I am for the first time playing with svg. Late to the party maybe but oh well.

I want to do some silly animations in my svg, but I am having some trouble

Here is a snippet of my code: http://codepen.io/timbo27/pen/kAKJi

<div id="logo">
<svg xmlns="http://www.w3.org/2000/svg" viewBox="0 0 200 200">
    <path class="logo-start" d="M59.1,66.6c0.2,0.2,0.4,0.3,0.4,0.6c0,0.3-0.3,0.7-0.6,0.7c-0.2,0-0.4-0.1-0.5-0.2l-4.9-3.3c-0.3-0.2-0.4-0.3-0.4-0.6
    <path class="logo-stop" d="M161.4,63.7l-4.3-2.8c-0.2-0.2-0.4-0.3-0.4-0.6c0-0.3,0.3-0.6,0.6-0.6c0.2,0,0.3,0.1,0.5,0.2l4.9,3.3

Basicaly I have an SVG logo (simple text)

I have given each path a class and have done some minimal styling on a few of the paths.

I would like to have the ability to absolutely position some of the paths.

is this possible?


  • 1
    have you considered using Raphael JS library and creating your shapes/paths within a canvas element? you can position using x/y coordinates and animate also – b_dubb Aug 21 '14 at 19:43

paths don't have x/y attributes or styles as you've discovered.

You could add a transform="translate(x, y)" attribute where x, y are floats or maybe a CSS transform property, although I'm not sure how much support there is for CSS transforms on SVG elements.

  • What is? transform is an SVG attribute and CSS transforms are CSS. No javascript in my answer. You could SMIL animate the transform using animateTransform or use javascript but you havent described what animation you want. – Robert Longson Aug 16 '14 at 5:09

Really the answer is no, you can't. Paths are based on their location in the view, so in that sense they're ALL absolutely positioned. My honest recommendation to you is to not mess so much with SVG code, it's complex and not very human-readable. It's far easier to use a tool like InkScape to move the paths around. That way you can position them all just the way you want them and then use them in an HTML document how you wish.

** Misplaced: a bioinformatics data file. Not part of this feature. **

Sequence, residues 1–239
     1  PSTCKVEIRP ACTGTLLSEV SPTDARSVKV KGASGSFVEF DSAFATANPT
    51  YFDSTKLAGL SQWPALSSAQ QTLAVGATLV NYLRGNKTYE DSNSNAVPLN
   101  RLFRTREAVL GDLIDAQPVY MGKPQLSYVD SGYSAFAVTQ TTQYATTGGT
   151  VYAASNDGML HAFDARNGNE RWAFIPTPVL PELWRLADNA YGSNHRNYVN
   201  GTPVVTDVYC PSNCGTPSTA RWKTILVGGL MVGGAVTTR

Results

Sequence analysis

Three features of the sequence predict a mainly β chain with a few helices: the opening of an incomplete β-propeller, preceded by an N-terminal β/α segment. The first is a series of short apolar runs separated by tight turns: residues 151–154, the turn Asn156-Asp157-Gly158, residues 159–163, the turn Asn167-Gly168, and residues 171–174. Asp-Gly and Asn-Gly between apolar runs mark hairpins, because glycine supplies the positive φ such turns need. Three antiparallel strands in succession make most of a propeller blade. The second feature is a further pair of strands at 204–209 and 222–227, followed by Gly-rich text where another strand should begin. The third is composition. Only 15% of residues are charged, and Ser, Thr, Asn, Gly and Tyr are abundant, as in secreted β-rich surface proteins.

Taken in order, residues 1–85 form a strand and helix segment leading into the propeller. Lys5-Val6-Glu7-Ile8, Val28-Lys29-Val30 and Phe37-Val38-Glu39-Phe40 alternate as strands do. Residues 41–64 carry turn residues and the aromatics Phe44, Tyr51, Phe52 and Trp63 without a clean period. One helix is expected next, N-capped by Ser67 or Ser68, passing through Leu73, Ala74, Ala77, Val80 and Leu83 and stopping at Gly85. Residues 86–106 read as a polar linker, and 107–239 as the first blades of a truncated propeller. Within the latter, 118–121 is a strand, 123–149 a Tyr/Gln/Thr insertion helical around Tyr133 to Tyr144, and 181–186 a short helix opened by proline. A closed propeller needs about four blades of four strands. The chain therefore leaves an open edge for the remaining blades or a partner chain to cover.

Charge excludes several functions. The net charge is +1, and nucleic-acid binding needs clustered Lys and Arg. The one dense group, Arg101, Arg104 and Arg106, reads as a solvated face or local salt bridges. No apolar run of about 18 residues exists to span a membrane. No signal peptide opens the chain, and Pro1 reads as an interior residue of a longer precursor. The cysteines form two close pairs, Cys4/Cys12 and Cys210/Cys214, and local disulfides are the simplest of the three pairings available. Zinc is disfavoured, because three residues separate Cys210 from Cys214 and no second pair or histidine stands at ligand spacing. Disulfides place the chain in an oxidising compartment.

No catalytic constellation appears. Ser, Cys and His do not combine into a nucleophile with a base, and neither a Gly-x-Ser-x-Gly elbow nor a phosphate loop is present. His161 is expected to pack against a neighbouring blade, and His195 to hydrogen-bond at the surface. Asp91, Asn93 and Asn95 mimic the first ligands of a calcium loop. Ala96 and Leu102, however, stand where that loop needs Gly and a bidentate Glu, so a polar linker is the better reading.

To do the animations you're talking about you should look to JavaScript. There are several libraries available for just such purposes. Raphael being one.

  • 2
    To add to your inkscape recommendation: The program offers "save as Plain SVG", and "File -> clean up document". Both options help tremendously to cut out metadata and format the SVG in a very human-readable way. I usually switch between a text-editor and inkscape when designing a logo or picture for a website: both have their merits. Note: cleaning up SVG files cuts out potentially useful data as well, like comments, color palettes and editor settings — so it's best to keep originals as well. – okdewit Apr 23 '15 at 21:32

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